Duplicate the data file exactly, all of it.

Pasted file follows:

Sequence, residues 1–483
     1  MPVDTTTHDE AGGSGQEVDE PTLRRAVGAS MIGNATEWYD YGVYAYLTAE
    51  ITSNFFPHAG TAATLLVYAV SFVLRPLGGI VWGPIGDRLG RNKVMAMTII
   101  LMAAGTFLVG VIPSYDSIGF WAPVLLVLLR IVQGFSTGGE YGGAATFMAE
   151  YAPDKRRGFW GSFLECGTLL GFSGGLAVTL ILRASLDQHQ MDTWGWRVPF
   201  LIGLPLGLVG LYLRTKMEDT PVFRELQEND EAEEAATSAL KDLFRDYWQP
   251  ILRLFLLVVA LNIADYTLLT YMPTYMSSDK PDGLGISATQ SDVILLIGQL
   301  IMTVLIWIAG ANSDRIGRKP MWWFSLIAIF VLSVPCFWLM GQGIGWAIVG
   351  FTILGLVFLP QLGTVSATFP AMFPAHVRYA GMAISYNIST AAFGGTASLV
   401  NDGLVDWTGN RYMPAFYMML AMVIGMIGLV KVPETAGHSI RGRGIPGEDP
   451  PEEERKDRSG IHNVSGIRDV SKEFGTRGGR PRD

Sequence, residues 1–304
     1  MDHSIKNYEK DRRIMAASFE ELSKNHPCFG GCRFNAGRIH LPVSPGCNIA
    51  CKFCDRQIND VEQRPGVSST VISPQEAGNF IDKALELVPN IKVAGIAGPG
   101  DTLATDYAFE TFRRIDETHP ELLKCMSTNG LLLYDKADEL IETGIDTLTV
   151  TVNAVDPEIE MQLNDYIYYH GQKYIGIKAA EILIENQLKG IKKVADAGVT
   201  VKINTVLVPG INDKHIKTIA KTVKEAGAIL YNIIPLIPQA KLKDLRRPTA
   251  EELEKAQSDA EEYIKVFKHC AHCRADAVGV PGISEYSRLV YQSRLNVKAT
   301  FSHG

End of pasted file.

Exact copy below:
Sequence, residues 1–483
     1  MPVDTTTHDE AGGSGQEVDE PTLRRAVGAS MIGNATEWYD YGVYAYLTAE
    51  ITSNFFPHAG TAATLLVYAV SFVLRPLGGI VWGPIGDRLG RNKVMAMTII
   101  LMAAGTFLVG VIPSYDSIGF WAPVLLVLLR IVQGFSTGGE YGGAATFMAE
   151  YAPDKRRGFW GSFLECGTLL GFSGGLAVTL ILRASLDQHQ MDTWGWRVPF
   201  LIGLPLGLVG LYLRTKMEDT PVFRELQEND EAEEAATSAL KDLFRDYWQP
   251  ILRLFLLVVA LNIADYTLLT YMPTYMSSDK PDGLGISATQ SDVILLIGQL
   301  IMTVLIWIAG ANSDRIGRKP MWWFSLIAIF VLSVPCFWLM GQGIGWAIVG
   351  FTILGLVFLP QLGTVSATFP AMFPAHVRYA GMAISYNIST AAFGGTASLV
   401  NDGLVDWTGN RYMPAFYMML AMVIGMIGLV KVPETAGHSI RGRGIPGEDP
   451  PEEERKDRSG IHNVSGIRDV SKEFGTRGGR PRD

Sequence, residues 1–304
     1  MDHSIKNYEK DRRIMAASFE ELSKNHPCFG GCRFNAGRIH LPVSPGCNIA
    51  CKFCDRQIND VEQRPGVSST VISPQEAGNF IDKALELVPN IKVAGIAGPG
   101  DTLATDYAFE TFRRIDETHP ELLKCMSTNG LLLYDKADEL IETGIDTLTV
   151  TVNAVDPEIE MQLNDYIYYH GQKYIGIKAA EILIENQLKG IKKVADAGVT
   201  VKINTVLVPG INDKHIKTIA KTVKEAGAIL YNIIPLIPQA KLKDLRRPTA
   251  EELEKAQSDA EEYIKVFKHC AHCRADAVGV PGISEYSRLV YQSRLNVKAT
   301  FSHG